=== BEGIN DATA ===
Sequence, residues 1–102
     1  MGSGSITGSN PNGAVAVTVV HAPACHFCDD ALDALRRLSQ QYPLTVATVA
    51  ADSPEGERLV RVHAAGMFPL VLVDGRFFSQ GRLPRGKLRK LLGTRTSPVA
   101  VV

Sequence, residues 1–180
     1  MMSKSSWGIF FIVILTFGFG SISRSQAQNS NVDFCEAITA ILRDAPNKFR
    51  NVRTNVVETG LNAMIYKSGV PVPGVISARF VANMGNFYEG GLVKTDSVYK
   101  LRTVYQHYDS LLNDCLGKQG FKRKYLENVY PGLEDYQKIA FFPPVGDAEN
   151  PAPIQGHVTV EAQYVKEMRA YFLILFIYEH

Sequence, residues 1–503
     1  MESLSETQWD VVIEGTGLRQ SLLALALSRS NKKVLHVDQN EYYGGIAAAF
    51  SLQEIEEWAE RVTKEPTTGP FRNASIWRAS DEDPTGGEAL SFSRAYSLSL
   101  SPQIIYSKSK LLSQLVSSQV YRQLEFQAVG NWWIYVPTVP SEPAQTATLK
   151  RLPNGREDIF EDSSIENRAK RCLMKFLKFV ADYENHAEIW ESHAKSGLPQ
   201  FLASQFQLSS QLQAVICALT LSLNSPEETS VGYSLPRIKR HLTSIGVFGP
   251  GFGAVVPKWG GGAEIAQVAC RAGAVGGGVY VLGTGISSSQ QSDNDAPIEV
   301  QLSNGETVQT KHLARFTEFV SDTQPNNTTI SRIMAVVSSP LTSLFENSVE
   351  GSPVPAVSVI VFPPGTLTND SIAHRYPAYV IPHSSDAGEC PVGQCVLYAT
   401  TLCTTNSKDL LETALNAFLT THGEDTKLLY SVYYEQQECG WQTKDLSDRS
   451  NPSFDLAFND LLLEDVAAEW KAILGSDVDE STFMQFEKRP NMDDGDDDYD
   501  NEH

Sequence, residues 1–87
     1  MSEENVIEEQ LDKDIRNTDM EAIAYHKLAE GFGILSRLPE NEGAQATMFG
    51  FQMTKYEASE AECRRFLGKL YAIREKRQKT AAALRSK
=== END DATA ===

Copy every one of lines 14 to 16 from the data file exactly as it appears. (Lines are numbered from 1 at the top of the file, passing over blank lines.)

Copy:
   151  RLPNGREDIF EDSSIENRAK RCLMKFLKFV ADYENHAEIW ESHAKSGLPQ
   201  FLASQFQLSS QLQAVICALT LSLNSPEETS VGYSLPRIKR HLTSIGVFGP
   251  GFGAVVPKWG GGAEIAQVAC RAGAVGGGVY VLGTGISSSQ QSDNDAPIEV